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Credit reports during collection actions may be off-limits

A recent court case out of Washington state may not have much effect on Michigan cases at the moment, but it could eventually lead to a Congressional fix for the Fair Credit and Reporting Act.

When creditors are trying to collect judgments, one of the best tools they have is a debtor's credit report. The report can show that a debtor has tried to get a new loan or has opened a savings account. These reports can lead a creditor to locate income information on a loan application that doesn't quite jive with how broke the creditor is told during debtor's examinations.

In 2009, the U.S. Court of Appeals for the Ninth Circuit ruled that creditors could access a debtor's credit report, even without the permission of the debtor. In July 2016, another case ended quite differently. The plaintiff in the case owed money for four parking violations. The collection company ran an Experian credit report. Both Experian and the collection company were sued by the debtor for violating the FCRA.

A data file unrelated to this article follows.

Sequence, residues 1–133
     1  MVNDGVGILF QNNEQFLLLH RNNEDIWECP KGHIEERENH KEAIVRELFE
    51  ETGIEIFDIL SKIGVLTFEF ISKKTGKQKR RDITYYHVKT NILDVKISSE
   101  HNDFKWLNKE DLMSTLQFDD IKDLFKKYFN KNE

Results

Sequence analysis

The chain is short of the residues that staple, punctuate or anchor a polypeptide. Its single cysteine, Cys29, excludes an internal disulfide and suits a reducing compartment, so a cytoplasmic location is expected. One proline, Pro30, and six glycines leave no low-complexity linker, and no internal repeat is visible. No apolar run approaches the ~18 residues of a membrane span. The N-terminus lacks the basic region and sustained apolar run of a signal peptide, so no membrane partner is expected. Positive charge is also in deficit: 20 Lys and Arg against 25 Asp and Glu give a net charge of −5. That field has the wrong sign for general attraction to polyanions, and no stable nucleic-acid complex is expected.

The collection company moved for the case to be dismissed because of the ruling in 2009. The U.S. District Court for the District of Washington didn't see the 2009 ruling in the same light as the collection company. The district court ruled that a credit report can only be obtained if the debt was because of a credit transaction. Since the parking violation debts weren't considered a credit transaction, the court ruled that the collection agency's actions could be a violation of the FCRA.

Before creditors try to determine where else they want to obtain debtors' information, they should remember that this is only one court's ruling and it's likely the case will be appealed to the Ninth Circuit.

If you, as a creditor, are accused of violating the FCRA, an experienced attorney can help you learn about your legal options and how to fight the allegations.

Source: Forbes, "Credit Reports Of Debtors Off-Limits In Other Than Credit Transaction Judgments Says Rodriguez Court," Jay Adkisson, Oct. 29, 2016

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